0839 GMT May 24, 2022
EFE CAN GÜRCAN*: Globalist arguments on “powerless states” had gained currency in the 1990s and the early 2000s. For the most part, these arguments were fueled by a widespread perception about the ultimate victory of a so-called “unipolar” world order. However, the late 2000s helped to invalidate such baseless accounts in the context of growing multipolarity. Globalists had believed that globalization eroded the power of nation-states and opened a new era of so-called “transnational” capitalism, where even the Chinese and Russian economies would be absorbed by Western transnationals. On the contrary, growing multipolarity helped many to finally realize that neoliberal globalization as an imperialist project serves nothing but to empower Western states, while dismantling nation-states in the developing world. Indeed, Western-based multinationals assumed a key role in pillaging developing nations’ natural and human resources with the strong backing of Western armed forces, economic sanctions, and subsidies. One of the strongest and most recent cases that exemplify the power of state-supported multinationals is the US-led trade war against China, where Chinese information and communication firms are being denied to Western markets. The idea here is to retain the competitiveness of Western-based multinationals.
More specifically, how do you analyze the role of gigantic, mostly American, Big Tech companies, which have presumably provided the US government with unimaginable tools of mass surveillance, market monopoly, and public opinion manipulation? They seem to be prime examples of a combination, if not the culmination, of military, cultural, and economic imperialism.
Digital monopolies, otherwise known as “Big Tech”, are among the building blocks of contemporary imperialism. Thanks to the digital revolution and neoliberal policies that encourage corporate mergers, their control extends beyond personal computing, entertainment, and online advertising to have a significant impact on global technological infrastructure, data ownership, and surveillance. An important detail to keep in mind is that the Pentagon and the CIA are among the closest business partners of Big Tech, which in turn exerts a strong influence within the US government and the World Trade Organization. It is also important to know that Big Tech executives take active part in (semi)public channels such as the Defense Innovation Board, the Network Centric Operations Industry Consortium, and the National Security Commission on Artificial Intelligence. As such, they are placed in a strong position to influence government policies through public-private partnerships for mass surveillance and tech wars against potential US rivals such as China, Russia, and Iran.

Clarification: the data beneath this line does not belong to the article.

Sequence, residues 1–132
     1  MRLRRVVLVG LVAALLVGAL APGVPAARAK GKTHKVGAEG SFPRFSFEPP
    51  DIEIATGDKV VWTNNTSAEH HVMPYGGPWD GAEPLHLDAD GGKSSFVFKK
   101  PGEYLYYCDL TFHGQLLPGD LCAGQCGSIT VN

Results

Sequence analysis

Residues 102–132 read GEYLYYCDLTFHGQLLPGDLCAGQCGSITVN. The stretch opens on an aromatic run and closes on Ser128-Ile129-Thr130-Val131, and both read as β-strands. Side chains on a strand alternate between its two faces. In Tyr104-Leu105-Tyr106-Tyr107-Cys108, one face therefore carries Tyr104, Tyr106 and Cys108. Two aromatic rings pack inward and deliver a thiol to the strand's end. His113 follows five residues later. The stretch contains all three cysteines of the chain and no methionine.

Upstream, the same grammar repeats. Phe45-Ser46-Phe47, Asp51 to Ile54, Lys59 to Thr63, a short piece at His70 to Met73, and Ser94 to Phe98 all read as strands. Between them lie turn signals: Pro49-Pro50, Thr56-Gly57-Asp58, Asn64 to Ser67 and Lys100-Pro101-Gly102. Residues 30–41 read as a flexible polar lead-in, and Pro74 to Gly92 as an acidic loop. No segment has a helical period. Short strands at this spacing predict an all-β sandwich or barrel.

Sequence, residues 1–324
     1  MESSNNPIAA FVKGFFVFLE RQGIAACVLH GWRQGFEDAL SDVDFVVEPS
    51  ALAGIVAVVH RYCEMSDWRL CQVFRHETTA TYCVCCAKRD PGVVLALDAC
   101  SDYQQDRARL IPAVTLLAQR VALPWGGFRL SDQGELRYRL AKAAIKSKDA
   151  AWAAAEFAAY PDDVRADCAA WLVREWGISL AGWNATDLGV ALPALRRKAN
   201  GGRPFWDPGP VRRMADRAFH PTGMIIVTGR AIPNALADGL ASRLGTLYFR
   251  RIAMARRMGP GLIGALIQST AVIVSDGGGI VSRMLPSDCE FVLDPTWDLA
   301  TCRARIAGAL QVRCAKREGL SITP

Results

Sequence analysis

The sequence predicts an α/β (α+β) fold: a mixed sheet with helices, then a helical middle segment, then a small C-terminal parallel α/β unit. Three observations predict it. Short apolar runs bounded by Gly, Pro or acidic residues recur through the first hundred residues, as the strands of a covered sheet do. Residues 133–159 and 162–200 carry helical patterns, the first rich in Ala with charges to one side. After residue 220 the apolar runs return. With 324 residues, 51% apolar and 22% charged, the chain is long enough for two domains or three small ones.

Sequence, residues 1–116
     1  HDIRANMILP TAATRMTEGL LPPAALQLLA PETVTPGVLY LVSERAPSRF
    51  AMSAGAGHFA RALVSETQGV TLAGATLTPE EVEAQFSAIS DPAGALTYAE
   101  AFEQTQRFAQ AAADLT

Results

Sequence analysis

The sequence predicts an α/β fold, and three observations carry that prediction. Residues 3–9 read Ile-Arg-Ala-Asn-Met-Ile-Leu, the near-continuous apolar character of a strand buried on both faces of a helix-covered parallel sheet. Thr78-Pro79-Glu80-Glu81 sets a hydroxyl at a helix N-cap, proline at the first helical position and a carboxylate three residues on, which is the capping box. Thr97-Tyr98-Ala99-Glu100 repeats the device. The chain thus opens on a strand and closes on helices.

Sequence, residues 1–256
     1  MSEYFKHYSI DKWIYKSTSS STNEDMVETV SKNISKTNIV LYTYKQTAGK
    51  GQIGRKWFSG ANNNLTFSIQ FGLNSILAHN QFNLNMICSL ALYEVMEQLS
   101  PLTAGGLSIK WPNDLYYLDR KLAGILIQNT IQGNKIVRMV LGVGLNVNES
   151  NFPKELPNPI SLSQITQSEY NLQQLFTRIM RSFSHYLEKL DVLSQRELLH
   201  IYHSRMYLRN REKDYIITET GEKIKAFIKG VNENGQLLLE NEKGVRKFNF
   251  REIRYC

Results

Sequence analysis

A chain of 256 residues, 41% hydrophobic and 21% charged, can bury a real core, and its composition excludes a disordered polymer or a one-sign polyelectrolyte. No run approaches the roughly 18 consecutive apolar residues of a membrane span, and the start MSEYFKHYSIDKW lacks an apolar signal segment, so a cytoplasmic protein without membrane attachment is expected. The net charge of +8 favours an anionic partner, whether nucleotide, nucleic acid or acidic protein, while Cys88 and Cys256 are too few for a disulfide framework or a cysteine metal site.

*Efe Can Gürcan is associate professor of international relations at İstinye University, Istanbul. He is the author of ‘Imperialism after the Neoliberal Turn’ published by Routledge in 2021.